Four corners (Canada)

From Wikipedia, the free encyclopedia
Jump to: navigation, search
A map highlighting the corners of the four Canadian provinces and territories which theoretically meet.
NASA map showing Kasba Lake and the four corners
The obelisk as seen from the Manitoba (southeast) side, with a survey tower in the territories.
The disk on top of the obelisk
What the borders would look like if the four corners do not meet at a quadripoint.

The four corners of Canadian political subdivisions hypothetically meet at a point near 60°N 102°W.[1][2] These are the provinces of Manitoba and Saskatchewan and the territories of the Northwest Territories (NWT) and Nunavut.[1]


The four corners area is located between Kasba Lake to the north and Hasbala Lake to the south. It is located by an area of marginal taiga forest, which happens to be the only place in Nunavut which is not Arctic tundra or ice cap.[2] It is hundreds of kilometres from any road or railway, but can be accessed from nearby Kasba Lake Airport/Water Aerodrome as well as from Points North Landing near Wollaston Lake.[3]

The intersection of the boundaries of Manitoba and Saskatchewan with NWT, surveyed before the creation of Nunavut in 1999, is marked by a metre-high aluminium obelisk at 59°59′57.98511″N 102°00′27.24027″W / 59.9994403083°N 102.0075667417°W / 59.9994403083; -102.0075667417 (Four corners)Coordinates: 59°59′57.98511″N 102°00′27.24027″W / 59.9994403083°N 102.0075667417°W / 59.9994403083; -102.0075667417 (Four corners) (NAD83),[4] inscribed to say it was erected in 1962.[3] This location is about 400 metres (1,300 ft) away from the meridian of 102°W.[5] On the top of the obilisk there is a disc warning of five years imprisonment for removing or destroying the monument.[3]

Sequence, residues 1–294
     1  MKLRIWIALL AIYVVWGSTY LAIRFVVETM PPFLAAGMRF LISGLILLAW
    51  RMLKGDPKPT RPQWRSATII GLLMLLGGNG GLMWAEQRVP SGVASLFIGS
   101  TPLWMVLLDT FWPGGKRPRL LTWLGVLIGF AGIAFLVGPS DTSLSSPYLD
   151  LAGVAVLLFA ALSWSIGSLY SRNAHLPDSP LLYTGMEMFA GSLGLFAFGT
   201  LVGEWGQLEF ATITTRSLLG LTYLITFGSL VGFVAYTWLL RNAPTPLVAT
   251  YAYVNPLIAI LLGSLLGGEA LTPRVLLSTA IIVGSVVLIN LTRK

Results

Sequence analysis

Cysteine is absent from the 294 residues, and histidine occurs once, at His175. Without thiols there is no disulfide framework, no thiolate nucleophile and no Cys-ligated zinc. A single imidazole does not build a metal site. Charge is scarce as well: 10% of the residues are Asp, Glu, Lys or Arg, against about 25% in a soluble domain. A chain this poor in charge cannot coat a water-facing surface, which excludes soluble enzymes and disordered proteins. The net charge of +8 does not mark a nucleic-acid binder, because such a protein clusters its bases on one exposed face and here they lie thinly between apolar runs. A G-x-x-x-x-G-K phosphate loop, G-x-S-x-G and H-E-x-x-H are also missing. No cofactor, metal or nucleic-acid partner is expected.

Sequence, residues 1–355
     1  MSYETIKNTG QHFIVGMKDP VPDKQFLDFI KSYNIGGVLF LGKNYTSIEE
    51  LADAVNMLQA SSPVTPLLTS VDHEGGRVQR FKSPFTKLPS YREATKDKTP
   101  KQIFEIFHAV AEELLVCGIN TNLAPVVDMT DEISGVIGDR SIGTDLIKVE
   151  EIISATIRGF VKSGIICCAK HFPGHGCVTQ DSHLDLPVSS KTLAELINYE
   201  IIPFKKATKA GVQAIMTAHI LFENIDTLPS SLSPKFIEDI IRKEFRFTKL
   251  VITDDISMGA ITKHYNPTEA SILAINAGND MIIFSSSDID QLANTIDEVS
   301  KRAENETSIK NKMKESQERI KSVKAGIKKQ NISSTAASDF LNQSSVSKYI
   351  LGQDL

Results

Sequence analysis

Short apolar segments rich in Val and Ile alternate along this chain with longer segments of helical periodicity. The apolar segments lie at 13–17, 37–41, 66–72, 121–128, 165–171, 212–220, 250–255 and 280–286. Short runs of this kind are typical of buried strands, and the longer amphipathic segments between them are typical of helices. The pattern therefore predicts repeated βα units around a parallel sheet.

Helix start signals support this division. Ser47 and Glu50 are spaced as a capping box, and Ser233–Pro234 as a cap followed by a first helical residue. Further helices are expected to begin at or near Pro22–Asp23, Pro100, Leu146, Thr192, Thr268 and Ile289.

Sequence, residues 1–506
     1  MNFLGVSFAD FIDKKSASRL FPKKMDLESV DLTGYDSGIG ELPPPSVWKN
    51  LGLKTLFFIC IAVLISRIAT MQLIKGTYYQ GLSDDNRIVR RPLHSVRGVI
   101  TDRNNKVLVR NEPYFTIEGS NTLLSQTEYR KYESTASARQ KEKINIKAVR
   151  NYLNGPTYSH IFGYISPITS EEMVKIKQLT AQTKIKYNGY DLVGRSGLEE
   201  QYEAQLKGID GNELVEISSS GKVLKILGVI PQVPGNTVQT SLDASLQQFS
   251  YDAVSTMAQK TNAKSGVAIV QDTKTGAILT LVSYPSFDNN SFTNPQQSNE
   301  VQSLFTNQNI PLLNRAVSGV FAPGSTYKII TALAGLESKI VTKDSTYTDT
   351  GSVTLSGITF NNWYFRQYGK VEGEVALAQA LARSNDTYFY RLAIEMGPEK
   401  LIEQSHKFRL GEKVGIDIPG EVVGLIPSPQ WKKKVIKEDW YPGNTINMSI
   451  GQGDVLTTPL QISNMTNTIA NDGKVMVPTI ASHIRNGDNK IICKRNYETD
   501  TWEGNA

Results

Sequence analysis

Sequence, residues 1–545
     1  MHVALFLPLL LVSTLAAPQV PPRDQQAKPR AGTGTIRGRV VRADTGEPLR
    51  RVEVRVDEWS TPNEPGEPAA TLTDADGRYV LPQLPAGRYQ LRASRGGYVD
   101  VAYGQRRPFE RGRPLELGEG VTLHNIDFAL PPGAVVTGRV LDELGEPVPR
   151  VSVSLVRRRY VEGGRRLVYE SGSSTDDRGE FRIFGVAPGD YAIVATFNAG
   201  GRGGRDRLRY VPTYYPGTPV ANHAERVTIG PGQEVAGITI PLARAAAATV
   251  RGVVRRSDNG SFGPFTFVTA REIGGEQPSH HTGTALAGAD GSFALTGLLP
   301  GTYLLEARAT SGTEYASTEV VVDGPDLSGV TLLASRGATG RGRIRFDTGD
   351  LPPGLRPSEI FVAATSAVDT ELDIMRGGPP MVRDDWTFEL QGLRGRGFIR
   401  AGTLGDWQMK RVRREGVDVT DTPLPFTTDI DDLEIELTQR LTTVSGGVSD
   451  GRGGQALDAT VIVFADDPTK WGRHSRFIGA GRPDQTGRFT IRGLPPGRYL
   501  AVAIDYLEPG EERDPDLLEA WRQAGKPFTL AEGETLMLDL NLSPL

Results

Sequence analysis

The establishment of Nunavut in 1999 led to the creation of Canada's only quadripoint at this location.[2] In the legal definition of Nunavut, its border is specified as "Commencing at the intersection of 60°00'N latitude with 102°00'W longitude, being the intersection of the Manitoba, Northwest Territories and Saskatchewan borders".[6][7] Since the intersection does not lie exactly at those coordinates, the laws are not perfectly clear about whether or not the Nunavut–NWT boundary, which has not been completely surveyed,[8] is to meet the others in a quadripoint. Surveys began in 2011.[9][10]

See also[edit]


  1. ^ a b Hill, Tony L. (2002). Canadian politics, riding by riding: an in-depth analysis of Canada's 301 federal electoral districts. Minneapolis: Prospect Park Press. p. 448. ISBN 978-0972343602. 
  2. ^ a b c "Nunavut". Welcome to Canada. Canadian Tourism Development Corporation. Archived from the original on 2013-10-19. Retrieved 2015-02-20. 
  3. ^ a b c Butler, Brian J. "Manitoba - Northwest Territories - Nunavut - Saskatchewan Multi-point". The Corner Corner. BJB Software. Retrieved May 13, 2013. 
  4. ^ "Station Unique Number 674002". Natural Resources Canada. Retrieved July 31, 2012. (registration required)
  5. ^ "Laying the Groundwork for Property Rights and Development" (PDF). Saskatchewan Land Surveyors Association. Retrieved May 13, 2013. 
  6. ^ "Nunavut Act SCHEDULE I (Section 3) WESTERN BOUNDARY OF NUNAVUT". Canadian Legal Information Institute. 1993. Retrieved January 13, 2007. 
  7. ^ "Nunavut Act SCHEDULE I (Section 3) WESTERN BOUNDARY OF NUNAVUT". Government of Canada Justice Law Website. 1993. Retrieved January 31, 2013. 
  8. ^ "Trans-boundary Mineral Claims and Leases". The Plan: Proposed Regulatory Changes and Map Selection in Nunavut. Aboriginal Affairs and Northern Development Canada. October 1, 2012. Retrieved January 31, 2013. 
  9. ^ "N.W.T.-Nunavut boundary being surveyed". CBC News. June 23, 2011. Retrieved January 31, 2012. 
  10. ^ "NWT-Nunavut border under the microscope". APTN National News. June 28, 2011. Retrieved January 31, 2013.